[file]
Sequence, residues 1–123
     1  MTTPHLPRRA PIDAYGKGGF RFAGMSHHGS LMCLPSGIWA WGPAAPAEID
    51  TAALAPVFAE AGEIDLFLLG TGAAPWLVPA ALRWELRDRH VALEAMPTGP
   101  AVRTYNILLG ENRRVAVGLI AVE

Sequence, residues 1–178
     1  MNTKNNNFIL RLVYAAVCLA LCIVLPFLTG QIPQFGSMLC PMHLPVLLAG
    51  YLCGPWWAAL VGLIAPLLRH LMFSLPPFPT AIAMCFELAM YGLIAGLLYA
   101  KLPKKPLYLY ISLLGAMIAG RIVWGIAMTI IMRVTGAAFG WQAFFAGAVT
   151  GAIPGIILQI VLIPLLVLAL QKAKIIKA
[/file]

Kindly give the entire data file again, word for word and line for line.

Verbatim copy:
Sequence, residues 1–123
     1  MTTPHLPRRA PIDAYGKGGF RFAGMSHHGS LMCLPSGIWA WGPAAPAEID
    51  TAALAPVFAE AGEIDLFLLG TGAAPWLVPA ALRWELRDRH VALEAMPTGP
   101  AVRTYNILLG ENRRVAVGLI AVE

Sequence, residues 1–178
     1  MNTKNNNFIL RLVYAAVCLA LCIVLPFLTG QIPQFGSMLC PMHLPVLLAG
    51  YLCGPWWAAL VGLIAPLLRH LMFSLPPFPT AIAMCFELAM YGLIAGLLYA
   101  KLPKKPLYLY ISLLGAMIAG RIVWGIAMTI IMRVTGAAFG WQAFFAGAVT
   151  GAIPGIILQI VLIPLLVLAL QKAKIIKA